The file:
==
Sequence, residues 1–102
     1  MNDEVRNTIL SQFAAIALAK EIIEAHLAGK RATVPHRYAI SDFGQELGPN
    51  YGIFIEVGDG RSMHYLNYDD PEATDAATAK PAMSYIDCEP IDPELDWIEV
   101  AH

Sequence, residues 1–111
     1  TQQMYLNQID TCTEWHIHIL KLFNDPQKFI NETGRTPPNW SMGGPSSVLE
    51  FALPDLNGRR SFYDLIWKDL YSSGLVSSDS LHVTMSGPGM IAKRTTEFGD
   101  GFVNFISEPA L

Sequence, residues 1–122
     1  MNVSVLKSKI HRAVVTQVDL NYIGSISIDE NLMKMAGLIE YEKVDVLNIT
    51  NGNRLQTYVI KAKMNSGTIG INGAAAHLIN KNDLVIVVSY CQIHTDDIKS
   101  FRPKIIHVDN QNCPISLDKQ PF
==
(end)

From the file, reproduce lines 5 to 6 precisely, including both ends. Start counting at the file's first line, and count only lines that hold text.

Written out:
Sequence, residues 1–111
     1  TQQMYLNQID TCTEWHIHIL KLFNDPQKFI NETGRTPPNW SMGGPSSVLE